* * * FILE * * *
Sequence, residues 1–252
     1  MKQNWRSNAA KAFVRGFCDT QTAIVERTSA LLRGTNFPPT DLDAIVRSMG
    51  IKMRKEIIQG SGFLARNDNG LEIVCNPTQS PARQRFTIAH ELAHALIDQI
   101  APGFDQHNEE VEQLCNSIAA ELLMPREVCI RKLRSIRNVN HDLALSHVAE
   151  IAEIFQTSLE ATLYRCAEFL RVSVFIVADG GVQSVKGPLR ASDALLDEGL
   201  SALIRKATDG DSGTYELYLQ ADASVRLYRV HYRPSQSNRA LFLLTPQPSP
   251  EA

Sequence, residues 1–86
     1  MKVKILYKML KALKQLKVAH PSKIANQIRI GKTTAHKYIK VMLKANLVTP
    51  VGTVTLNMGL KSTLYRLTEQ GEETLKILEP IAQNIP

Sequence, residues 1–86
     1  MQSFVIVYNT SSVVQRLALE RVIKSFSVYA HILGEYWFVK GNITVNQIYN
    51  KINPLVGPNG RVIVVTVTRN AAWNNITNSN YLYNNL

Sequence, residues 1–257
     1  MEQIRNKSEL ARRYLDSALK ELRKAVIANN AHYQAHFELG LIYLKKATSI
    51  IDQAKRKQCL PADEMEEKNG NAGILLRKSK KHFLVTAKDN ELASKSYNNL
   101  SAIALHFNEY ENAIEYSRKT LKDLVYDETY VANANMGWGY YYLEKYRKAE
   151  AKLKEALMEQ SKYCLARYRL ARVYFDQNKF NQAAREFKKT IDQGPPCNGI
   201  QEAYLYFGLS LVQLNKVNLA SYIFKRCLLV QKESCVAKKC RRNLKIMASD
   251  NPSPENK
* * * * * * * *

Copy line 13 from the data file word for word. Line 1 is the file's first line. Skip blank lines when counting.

    51  KINPLVGPNG RVIVVTVTRN AAWNNITNSN YLYNNL